“Our annual budget is 12,000 dollars, and if we were to keep non-Armenians out of the school, we should have closed and gone home a long time ago,” says school principal Emma Gueverian. “Our kids need an Armenian education, and we can sustain that by accepting people from outside the community,” she says. The school’s weekly schedule includes ample hours of instruction in the Armenian language, history, geography and religion. Today, the school has a multi-national student body — including the children of several Egyptian embassy diplomats who prefer the Armenian community school over other private institutions because of “the clean family atmosphere at Kevorkoff.”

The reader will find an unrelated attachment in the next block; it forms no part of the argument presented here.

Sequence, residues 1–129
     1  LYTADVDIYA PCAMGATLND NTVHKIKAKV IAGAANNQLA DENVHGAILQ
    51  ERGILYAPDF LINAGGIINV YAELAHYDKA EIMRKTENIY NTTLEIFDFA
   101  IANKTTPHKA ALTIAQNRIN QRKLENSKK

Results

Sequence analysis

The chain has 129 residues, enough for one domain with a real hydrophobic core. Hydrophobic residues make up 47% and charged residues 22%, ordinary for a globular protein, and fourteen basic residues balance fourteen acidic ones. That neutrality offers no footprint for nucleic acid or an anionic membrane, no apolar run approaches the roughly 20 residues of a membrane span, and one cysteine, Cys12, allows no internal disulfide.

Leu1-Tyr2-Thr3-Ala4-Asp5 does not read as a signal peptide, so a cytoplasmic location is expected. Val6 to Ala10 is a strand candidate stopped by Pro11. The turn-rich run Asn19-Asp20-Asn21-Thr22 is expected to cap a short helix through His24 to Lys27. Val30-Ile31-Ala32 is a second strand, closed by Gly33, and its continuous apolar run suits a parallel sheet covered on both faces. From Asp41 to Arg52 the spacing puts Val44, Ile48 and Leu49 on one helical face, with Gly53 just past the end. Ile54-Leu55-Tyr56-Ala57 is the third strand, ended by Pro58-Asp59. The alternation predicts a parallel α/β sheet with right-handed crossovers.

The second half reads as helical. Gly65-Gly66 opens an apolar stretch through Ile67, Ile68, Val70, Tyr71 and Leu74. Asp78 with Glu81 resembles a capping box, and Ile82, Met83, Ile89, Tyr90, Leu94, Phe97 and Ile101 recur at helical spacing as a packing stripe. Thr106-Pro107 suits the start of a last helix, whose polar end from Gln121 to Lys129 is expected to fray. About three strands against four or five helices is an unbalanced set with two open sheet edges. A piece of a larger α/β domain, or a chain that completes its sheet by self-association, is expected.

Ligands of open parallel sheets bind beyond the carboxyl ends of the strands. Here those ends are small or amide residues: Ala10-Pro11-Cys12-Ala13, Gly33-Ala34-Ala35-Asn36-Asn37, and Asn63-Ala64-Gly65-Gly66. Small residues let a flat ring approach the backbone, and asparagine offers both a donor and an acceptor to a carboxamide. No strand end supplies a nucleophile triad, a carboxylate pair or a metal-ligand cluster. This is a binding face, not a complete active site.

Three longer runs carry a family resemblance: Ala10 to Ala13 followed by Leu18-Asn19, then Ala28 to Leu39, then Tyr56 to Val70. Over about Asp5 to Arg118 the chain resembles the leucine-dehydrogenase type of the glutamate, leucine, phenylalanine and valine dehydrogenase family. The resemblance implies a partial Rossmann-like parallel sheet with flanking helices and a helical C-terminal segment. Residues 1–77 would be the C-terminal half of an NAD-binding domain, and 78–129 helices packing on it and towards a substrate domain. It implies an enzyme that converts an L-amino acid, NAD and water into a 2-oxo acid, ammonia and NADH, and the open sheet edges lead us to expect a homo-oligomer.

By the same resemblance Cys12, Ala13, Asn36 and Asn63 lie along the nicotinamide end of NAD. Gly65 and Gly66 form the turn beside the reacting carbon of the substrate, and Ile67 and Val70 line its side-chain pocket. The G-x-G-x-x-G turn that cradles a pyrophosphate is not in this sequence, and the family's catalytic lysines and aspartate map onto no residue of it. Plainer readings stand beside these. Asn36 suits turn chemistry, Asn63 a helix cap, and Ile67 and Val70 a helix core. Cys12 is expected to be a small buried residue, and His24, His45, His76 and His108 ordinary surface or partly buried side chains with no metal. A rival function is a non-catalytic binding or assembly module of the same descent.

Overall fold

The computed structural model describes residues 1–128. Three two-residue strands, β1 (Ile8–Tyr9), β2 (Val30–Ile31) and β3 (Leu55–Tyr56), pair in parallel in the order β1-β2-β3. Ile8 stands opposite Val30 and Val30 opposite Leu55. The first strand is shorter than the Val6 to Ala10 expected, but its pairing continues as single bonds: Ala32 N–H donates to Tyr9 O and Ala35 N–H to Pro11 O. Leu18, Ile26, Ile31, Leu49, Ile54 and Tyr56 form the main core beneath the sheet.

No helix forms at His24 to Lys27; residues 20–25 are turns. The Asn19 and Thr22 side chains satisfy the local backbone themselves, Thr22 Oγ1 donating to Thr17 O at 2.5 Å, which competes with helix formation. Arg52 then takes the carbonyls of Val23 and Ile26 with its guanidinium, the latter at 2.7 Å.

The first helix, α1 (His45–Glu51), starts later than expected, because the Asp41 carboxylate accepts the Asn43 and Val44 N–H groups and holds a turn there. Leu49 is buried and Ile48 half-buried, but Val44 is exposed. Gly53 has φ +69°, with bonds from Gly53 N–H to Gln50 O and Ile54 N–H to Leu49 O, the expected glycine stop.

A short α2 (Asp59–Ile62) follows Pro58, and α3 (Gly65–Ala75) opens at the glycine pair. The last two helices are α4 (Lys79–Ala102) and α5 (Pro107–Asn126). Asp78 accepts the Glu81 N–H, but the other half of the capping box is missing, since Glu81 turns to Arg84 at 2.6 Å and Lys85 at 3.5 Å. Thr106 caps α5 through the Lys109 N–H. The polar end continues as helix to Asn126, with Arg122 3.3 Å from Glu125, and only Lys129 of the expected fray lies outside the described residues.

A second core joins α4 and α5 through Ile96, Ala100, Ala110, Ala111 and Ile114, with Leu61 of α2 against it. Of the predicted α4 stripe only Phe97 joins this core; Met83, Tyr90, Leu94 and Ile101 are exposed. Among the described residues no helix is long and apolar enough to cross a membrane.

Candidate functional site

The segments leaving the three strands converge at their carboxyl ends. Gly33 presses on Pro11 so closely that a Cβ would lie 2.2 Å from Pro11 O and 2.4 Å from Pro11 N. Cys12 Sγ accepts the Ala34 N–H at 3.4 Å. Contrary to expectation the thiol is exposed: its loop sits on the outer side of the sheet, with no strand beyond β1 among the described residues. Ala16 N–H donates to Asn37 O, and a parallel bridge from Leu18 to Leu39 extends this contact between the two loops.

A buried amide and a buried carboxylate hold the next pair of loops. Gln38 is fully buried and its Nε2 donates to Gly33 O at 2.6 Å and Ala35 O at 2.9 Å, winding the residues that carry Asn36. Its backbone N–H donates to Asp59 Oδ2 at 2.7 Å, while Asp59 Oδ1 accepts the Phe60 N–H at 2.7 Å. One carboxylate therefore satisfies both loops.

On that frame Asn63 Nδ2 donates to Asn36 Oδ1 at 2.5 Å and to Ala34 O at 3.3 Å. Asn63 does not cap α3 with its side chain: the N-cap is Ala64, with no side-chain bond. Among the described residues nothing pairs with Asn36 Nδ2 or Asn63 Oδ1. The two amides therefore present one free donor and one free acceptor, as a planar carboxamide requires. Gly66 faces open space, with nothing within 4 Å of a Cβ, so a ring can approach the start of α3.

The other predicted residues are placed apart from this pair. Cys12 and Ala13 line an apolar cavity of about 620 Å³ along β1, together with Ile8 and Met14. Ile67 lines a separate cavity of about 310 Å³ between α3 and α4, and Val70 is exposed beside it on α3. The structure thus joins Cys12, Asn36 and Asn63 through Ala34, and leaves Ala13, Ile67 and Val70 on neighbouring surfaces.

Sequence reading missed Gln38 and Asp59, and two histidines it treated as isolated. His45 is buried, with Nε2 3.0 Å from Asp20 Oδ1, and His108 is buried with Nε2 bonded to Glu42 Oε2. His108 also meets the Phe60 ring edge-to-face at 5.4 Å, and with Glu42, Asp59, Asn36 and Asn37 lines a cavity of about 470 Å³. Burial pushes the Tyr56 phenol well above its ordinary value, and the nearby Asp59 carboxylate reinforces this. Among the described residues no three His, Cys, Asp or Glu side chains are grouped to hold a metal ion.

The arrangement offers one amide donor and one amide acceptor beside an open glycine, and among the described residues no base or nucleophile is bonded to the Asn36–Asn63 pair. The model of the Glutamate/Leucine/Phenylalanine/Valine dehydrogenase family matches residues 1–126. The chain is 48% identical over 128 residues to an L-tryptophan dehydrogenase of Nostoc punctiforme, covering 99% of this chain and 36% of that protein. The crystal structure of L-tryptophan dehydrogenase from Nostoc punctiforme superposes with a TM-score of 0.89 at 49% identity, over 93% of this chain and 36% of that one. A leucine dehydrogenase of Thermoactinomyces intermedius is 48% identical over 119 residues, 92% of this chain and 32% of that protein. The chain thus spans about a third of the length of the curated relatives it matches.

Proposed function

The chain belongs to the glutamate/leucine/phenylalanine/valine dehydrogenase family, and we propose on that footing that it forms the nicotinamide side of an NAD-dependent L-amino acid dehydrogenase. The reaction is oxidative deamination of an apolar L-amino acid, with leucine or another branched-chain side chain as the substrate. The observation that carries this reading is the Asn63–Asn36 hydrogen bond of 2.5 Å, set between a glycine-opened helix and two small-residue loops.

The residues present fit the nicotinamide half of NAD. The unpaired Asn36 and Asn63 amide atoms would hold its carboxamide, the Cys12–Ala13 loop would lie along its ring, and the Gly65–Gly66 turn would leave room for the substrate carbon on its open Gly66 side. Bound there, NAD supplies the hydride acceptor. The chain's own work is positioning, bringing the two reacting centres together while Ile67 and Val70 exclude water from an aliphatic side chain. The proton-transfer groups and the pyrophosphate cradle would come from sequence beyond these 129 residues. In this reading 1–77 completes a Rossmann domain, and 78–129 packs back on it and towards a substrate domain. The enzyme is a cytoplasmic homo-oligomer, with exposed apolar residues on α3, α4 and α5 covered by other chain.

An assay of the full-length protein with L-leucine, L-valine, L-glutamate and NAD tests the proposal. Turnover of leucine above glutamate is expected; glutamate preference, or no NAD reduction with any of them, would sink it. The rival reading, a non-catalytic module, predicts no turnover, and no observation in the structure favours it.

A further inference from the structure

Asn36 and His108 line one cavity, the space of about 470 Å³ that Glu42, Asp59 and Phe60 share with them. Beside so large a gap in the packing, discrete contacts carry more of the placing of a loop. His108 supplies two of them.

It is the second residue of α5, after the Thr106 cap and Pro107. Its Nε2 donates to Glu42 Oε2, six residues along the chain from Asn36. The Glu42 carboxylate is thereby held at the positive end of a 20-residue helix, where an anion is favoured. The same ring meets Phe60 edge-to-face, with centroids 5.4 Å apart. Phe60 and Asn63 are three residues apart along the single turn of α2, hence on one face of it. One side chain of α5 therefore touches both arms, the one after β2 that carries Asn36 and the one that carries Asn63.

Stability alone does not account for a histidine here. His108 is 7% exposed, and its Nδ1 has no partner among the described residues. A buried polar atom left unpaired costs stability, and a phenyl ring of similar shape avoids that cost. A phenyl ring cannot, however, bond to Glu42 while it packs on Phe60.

For the academic year ending June, 1994, three Armenian children will graduate from the Armenian elementary school and will, like others before them, hopefully make their way to the Melkonian Educational Institute of the Armenian General Benevolent Union in Nicosia, Cyprus. But the number of graduates will drop in the coming years if the demographic structure of the community does not improve with new births and less deaths.
According to available figures, two Armenian youngsters will graduate from Kevorkoff in 1995, but none in 1996 and 1997, and only one in 1998, two in the year 1999 and up to three again in the year 2000. Not an encouraging picture, as Archdeacon Vartkes Nalbandian sees it.